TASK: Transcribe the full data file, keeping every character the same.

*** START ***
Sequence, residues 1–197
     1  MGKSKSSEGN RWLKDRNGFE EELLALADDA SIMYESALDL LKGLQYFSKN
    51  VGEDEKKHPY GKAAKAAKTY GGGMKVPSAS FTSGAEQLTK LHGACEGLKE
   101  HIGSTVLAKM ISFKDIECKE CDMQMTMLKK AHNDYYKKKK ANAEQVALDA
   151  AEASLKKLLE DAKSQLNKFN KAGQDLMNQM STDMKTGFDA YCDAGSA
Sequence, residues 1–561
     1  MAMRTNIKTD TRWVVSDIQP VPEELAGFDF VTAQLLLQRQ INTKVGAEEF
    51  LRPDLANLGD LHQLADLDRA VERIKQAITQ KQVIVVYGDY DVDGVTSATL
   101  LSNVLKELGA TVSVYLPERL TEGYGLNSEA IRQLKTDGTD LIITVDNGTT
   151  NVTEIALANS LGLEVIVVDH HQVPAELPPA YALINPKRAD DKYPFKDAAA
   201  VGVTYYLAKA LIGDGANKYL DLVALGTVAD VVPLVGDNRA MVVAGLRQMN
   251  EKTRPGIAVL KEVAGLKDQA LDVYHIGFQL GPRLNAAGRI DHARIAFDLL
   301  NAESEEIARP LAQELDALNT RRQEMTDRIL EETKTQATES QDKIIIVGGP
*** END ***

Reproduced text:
Sequence, residues 1–197
     1  MGKSKSSEGN RWLKDRNGFE EELLALADDA SIMYESALDL LKGLQYFSKN
    51  VGEDEKKHPY GKAAKAAKTY GGGMKVPSAS FTSGAEQLTK LHGACEGLKE
   101  HIGSTVLAKM ISFKDIECKE CDMQMTMLKK AHNDYYKKKK ANAEQVALDA
   151  AEASLKKLLE DAKSQLNKFN KAGQDLMNQM STDMKTGFDA YCDAGSA
Sequence, residues 1–561
     1  MAMRTNIKTD TRWVVSDIQP VPEELAGFDF VTAQLLLQRQ INTKVGAEEF
    51  LRPDLANLGD LHQLADLDRA VERIKQAITQ KQVIVVYGDY DVDGVTSATL
   101  LSNVLKELGA TVSVYLPERL TEGYGLNSEA IRQLKTDGTD LIITVDNGTT
   151  NVTEIALANS LGLEVIVVDH HQVPAELPPA YALINPKRAD DKYPFKDAAA
   201  VGVTYYLAKA LIGDGANKYL DLVALGTVAD VVPLVGDNRA MVVAGLRQMN
   251  EKTRPGIAVL KEVAGLKDQA LDVYHIGFQL GPRLNAAGRI DHARIAFDLL
   301  NAESEEIARP LAQELDALNT RRQEMTDRIL EETKTQATES QDKIIIVGGP